What are cocktail bitters? Using Bitters in Cocktails | Lesson 03

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Published on January 9, 2018 by

Cocktail Bitters in a Brief History

Berg & Hauck's Old Time Aromatic Bitters, 4 oz

Berg & Hauck’s Old Time Aromatic Bitters, 4 oz

Cocktail bitters have a rich history. The original definition of “cock-tail” by Harry Croswell in The Balance and Columbian Repository dated (1806) says a traditional cocktail is “spirits, sugar, water and bitters.” These herbal tinctures we define as “bitters” existed prior to the concept of the cocktail. Once upon a time, bitters were mostly labeled as a “cure all” or medicine for illness.

These crazy concoctions were barks, herbs, roots, and spices combined to solve but that all changed in the mid-1800s. Somewhere along the line these bitters were included in a mix for pleasure more than as an herbal remedy. However, the “cocktail” concept has existed out of necessity for a hundred years or more.

Look at the history behind a gin & tonic and you’re heading in the same direction: a bitter quinine (tonic) to prevent scurvy along side gin and citrus to make the quinine easier to consume and a cocktail is born. To say bitters have a tradition in cocktails would be an understatement, they were fundamental to the design. That being said, many years went by in which cocktail bitters were simply ignored.

Why use cocktail bitters in a drink?

Simply put, cocktail bitters are the “salt & pepper” of your cocktail. Can you eat a hamburger without pepper or salt? Of course. Can you make a pasta sauce without basil, thyme or other herbs and spices? Sure you can…but isn’t it more exciting when you utilize spice?

If you’re excited about cocktail creation and want to spread that excitement with friends and family then build better cocktails. To build a cocktail that’s balanced, flavorful and full of life is part of your quest. Cocktail bitters are here for you to provide you a tool to blow the minds of the imbiber.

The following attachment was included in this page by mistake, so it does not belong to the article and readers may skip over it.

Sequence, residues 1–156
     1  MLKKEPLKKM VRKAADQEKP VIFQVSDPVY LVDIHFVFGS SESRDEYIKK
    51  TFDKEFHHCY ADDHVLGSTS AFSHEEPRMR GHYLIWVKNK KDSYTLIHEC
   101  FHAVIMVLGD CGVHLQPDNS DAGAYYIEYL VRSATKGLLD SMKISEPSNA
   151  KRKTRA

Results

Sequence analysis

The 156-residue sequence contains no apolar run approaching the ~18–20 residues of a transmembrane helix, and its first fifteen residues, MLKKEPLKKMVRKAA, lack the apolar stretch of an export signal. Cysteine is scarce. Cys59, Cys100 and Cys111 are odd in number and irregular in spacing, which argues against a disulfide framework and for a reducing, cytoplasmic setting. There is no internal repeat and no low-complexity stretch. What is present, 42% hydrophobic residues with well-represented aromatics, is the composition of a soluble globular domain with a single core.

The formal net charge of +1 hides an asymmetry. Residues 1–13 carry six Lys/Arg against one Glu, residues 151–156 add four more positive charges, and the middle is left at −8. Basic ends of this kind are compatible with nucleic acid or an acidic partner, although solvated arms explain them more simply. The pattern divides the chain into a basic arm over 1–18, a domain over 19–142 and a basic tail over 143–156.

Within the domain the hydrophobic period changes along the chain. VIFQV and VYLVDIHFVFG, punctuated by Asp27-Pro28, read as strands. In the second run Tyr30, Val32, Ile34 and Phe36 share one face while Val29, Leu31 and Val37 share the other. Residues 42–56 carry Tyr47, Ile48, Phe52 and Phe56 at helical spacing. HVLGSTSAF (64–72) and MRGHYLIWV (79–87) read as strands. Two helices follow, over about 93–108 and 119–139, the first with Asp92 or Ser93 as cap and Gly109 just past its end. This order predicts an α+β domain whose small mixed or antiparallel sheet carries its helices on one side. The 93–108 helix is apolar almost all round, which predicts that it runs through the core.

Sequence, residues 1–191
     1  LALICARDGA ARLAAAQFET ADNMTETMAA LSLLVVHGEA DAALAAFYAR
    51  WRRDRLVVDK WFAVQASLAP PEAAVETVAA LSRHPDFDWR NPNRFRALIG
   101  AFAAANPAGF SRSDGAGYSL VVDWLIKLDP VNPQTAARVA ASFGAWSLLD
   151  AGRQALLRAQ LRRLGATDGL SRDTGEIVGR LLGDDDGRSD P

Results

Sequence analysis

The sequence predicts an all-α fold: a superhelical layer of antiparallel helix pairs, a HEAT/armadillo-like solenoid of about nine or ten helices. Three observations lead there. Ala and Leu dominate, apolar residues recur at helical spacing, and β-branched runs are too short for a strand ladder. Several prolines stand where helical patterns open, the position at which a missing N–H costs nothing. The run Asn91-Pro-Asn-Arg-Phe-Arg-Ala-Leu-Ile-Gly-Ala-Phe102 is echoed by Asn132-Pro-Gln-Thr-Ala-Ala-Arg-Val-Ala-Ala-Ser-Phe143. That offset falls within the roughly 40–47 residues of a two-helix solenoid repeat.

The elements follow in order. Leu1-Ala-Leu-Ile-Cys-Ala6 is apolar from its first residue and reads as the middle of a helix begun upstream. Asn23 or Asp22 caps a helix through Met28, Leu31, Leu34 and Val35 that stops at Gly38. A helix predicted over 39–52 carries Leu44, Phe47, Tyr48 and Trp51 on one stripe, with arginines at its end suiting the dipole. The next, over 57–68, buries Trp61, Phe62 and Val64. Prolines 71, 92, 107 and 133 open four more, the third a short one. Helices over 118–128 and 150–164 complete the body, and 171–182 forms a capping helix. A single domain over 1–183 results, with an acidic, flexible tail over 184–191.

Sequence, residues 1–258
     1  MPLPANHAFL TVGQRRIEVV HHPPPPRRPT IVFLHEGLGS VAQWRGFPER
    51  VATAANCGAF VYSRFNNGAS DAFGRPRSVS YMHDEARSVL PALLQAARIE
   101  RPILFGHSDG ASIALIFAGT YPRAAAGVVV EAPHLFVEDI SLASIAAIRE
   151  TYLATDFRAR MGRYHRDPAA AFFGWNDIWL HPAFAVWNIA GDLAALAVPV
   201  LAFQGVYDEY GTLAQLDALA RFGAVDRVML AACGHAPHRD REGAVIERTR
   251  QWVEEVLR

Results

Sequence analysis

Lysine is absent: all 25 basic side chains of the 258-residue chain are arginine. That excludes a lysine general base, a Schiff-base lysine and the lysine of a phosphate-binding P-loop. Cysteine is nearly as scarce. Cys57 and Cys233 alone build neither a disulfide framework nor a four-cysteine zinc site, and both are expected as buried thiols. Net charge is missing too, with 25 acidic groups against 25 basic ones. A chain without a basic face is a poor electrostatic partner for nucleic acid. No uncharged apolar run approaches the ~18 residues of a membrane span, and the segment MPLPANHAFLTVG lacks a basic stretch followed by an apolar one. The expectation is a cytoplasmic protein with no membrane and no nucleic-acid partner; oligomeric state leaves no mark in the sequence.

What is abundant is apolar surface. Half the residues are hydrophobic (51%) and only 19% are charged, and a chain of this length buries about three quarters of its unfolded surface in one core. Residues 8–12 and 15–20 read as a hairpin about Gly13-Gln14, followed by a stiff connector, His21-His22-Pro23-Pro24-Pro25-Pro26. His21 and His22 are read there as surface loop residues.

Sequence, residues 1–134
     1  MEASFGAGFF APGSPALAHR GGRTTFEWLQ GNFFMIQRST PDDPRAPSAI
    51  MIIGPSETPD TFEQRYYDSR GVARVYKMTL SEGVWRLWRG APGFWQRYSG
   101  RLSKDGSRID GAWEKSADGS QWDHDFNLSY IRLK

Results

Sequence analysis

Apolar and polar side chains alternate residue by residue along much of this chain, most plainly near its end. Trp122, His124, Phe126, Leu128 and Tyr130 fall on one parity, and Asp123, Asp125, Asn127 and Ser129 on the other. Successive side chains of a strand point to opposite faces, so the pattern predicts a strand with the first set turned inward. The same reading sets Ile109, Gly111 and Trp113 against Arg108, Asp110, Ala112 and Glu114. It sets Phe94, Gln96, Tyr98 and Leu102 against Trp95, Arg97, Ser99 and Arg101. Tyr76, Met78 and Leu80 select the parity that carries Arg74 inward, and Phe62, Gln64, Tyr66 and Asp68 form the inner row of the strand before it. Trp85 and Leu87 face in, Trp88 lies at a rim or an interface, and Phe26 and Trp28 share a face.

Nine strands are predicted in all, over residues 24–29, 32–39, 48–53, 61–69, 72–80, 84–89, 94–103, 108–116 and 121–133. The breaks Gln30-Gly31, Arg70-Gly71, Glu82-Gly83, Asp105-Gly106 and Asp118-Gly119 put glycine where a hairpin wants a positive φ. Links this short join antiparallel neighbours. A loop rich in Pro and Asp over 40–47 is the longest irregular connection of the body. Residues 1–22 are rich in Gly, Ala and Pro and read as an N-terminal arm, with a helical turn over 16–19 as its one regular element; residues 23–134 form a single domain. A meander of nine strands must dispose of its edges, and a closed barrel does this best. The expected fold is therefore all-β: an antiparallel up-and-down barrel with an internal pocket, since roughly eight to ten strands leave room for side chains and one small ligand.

Over the last ten years cocktail bitters have thrived, with craft bitter businesses popping up all over the United States and into Europe. Today, bartenders know why cocktail bitters are needed in a drink. The biggest challenge has been helping the customers understand why they need cocktail bitters in a drink!

Enhancing Potency in a Drink

Boy Drinks World Serrano Cocktail Spice

Boy Drinks World Serrano Cocktail Spice

Cocktail bitters can take a spirit which is deeply hidden in a cocktail and bring it out vibrantly. When balancing a cocktail, the additional bitters will enhance the potency and alcohol within the drink. The herbal tinctures within the bitters help drive some spirits center stage; it’s not because of the high proof concentration of the bitters, but the process of its integration that pops the spirit to the front.

Enhancing Aroma in your cocktail

It’s very common for bitters to be used to bring out aromatic sensations in a cocktail. This is one reason many bitters have been branded or labeled “aromatic bitters.” When used in drops on the foam of an egg white or floating on a cocktail, cocktail bitters work much like a garnish: great aroma and neat presentation.

Don’t let the branding fool you, all bitters are aromatic bitters! The herbs and spices within cocktail bitters lends itself to an aroma. These spices can include floral notes such as those found in lavender bitters or citrus notes found in grapefruit bitters along with dozens of other options. Try a floral or citrus bitter in cocktails using light spirits like gin, vodka, or rum to create a new twist in your old classics.